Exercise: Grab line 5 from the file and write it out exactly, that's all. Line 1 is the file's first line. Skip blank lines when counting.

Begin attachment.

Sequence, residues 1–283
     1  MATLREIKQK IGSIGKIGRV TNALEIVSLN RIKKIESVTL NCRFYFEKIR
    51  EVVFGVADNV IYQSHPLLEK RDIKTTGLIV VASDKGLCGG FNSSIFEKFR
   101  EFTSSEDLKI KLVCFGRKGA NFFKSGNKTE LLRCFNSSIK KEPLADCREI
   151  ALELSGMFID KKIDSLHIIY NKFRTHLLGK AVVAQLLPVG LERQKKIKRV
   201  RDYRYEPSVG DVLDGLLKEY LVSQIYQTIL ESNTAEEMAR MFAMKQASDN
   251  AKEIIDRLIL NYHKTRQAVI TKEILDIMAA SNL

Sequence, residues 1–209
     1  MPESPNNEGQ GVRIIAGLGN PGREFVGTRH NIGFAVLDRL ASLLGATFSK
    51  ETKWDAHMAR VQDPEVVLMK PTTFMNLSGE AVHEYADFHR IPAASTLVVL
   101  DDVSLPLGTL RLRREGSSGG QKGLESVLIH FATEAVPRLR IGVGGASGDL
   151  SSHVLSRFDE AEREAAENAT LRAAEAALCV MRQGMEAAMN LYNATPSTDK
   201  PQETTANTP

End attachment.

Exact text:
   151  ALELSGMFID KKIDSLHIIY NKFRTHLLGK AVVAQLLPVG LERQKKIKRV